Director: Staten Cousins-Roe
Writer: Staten Cousins-Roe
Cast: Katie Brayben, Poppy Roe, Ben Lloyd-Hughes, Sinead Matthews, Sarah Ball, Tomiwa Edun
Cert: 15 (TBC)
Running time: 81mins
What’s the story: Lonely, bullied wallflower Lou (Brayben) goes on a soul-searching road trip with life-coach Val, who also happens to be a serial killer.
What’s the verdict: Go Nuts in May would be another title for Staten Cousins-Roe’s feature debut.
The director’s primary target is the army of self-help gurus, pushing mishmash philosophies and empty platitude on the lonely. But, his script avoids easy pot-shots, populating the story with well-realised characters and adding a veneer of comic-pathos to proceedings, like a fine coating of March drizzle.
At the centre of this is Katie Brayben’s Lou, a well-meaning, trod-upon twentysomething. Living with her caustic mum (Ball), Lou regularly attends self-improvement seminars, filling her bookshelves with “better you” handbooks.
Lou’s journey of self-actualisation takes a darker turn when she is adopted by radical life-coach Val for a road trip of self-discovery. And a little murder… a lot of murder.
Kickstarter funded, but confidently directed, handsomely shot and played with perfect pitch by the two leads, A Serial Killer’s Guide to Life is a homegrown horror treat. Cousins-Roe leaves the mayhem mostly off-screen, instead showing the grisly aftermath of Val’s misdeeds.
He also shows a keen eye for unsettling British scenery, be it a wet camping ground where Val and Lou go back to nature with a gang of lonelies, a large detached house, home to rural kinkiness, or the unwelcoming stretches of country road linking the spots on Val’s murder map.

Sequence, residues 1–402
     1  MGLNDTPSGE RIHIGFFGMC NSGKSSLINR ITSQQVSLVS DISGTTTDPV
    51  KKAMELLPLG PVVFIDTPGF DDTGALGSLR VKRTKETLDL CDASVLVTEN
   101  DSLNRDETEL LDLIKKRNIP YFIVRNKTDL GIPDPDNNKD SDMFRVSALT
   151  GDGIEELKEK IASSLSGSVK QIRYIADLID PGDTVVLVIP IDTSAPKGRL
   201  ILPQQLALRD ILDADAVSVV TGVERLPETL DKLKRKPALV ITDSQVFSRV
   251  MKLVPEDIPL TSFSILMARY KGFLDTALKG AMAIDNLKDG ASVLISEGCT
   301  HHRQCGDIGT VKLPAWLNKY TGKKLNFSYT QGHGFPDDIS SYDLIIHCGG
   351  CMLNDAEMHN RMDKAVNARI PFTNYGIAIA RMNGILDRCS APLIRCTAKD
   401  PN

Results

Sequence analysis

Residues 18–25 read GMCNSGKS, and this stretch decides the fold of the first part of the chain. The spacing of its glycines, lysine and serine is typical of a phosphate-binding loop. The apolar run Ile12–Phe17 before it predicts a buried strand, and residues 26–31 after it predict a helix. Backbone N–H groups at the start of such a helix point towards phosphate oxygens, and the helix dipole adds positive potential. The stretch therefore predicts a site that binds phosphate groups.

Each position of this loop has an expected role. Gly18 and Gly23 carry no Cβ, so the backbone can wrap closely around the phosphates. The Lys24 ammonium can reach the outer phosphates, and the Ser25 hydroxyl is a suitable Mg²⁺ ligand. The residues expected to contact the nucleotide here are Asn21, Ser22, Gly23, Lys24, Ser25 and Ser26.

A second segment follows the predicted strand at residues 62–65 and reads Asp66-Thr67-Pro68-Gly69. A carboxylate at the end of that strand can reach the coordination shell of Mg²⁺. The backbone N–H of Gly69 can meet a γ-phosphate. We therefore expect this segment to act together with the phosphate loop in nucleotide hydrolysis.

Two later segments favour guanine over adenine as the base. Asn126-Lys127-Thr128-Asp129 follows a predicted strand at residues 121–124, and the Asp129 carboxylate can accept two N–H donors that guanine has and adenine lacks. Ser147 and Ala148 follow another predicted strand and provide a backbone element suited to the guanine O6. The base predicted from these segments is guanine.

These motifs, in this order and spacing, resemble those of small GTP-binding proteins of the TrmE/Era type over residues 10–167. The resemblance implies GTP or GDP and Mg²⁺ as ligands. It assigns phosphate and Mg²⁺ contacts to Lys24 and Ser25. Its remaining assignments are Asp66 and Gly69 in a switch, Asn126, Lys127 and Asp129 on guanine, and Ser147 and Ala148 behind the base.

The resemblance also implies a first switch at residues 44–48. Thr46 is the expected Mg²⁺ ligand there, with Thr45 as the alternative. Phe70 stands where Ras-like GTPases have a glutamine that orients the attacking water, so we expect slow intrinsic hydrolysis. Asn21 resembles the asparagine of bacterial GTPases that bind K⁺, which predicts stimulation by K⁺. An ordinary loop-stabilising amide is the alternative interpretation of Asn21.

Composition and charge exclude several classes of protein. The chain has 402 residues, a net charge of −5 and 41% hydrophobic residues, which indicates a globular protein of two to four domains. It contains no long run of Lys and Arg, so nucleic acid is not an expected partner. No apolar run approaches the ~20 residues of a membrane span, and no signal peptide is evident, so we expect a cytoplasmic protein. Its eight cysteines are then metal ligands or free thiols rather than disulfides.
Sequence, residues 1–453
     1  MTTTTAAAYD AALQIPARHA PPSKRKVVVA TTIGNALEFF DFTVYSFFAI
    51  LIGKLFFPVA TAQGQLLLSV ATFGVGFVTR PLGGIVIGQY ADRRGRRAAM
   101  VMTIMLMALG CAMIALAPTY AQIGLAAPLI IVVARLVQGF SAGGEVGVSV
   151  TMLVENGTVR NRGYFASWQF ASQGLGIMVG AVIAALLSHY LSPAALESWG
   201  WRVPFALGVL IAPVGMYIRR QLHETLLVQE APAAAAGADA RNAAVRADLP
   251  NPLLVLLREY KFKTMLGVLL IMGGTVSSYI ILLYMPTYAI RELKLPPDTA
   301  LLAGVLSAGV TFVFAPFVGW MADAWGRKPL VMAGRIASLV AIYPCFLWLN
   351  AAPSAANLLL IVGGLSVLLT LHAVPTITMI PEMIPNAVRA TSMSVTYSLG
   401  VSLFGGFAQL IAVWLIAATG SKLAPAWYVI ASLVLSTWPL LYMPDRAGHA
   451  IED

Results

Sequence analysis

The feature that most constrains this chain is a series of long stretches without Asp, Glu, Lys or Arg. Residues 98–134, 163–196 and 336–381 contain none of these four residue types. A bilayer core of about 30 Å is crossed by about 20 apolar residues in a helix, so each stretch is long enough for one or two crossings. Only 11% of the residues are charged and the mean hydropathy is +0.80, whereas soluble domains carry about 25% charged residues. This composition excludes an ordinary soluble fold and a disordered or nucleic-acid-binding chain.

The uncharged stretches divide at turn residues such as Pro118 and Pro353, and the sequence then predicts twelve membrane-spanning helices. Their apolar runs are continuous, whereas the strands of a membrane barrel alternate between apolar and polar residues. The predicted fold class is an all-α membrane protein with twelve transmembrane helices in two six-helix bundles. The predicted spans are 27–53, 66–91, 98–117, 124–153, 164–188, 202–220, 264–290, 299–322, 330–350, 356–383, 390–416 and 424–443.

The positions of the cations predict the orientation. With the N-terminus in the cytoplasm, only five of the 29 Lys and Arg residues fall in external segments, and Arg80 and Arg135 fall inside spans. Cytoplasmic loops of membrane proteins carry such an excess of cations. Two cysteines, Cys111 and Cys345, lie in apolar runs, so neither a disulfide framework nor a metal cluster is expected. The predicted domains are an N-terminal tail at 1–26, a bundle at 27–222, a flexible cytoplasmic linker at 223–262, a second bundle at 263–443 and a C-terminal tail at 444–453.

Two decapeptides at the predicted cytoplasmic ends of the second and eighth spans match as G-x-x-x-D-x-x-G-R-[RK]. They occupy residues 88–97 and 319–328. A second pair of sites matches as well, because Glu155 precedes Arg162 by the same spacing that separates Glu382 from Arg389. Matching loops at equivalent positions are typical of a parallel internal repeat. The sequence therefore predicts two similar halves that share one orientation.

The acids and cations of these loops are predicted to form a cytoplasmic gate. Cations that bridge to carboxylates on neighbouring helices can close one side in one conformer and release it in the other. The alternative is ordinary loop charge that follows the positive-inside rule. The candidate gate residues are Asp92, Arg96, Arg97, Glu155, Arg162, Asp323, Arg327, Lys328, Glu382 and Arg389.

Poppy Roe (director’s Roe’s partner) has a ball as the immaculately groomed, stern-faced and unblinking radical therapist. Casually dismissing phonies with offensive put-downs, or blunt objects when she really tires of them, Val is a deliciously dark comic creation.
She is a great foil to Brayben’s Lou, who believably shifts from doormat to something more interesting as the extent of Val’s project becomes apparent.
Able back-up is provided by a well selected cast of familiar faces from TV and film including Sinead Matthews and Tomiwa Edun. Plus, Lloyd-Hughes as an uber-life coach, not a million miles away from a c.2005 Scientology promoting Tom Cruise.
An end-of-second act story shift will be spotted by those paying attention. But, this does not detract from a film that would make a good double bill with Ben Wheatley’s Sightseers. Or Withnail and I for that matter…
An irresistibly English serial killer tale, its bladed humour cuts like a Jamie Oliver 6-piece Acacia Knife Block set. Leaving blood all over the new curtains.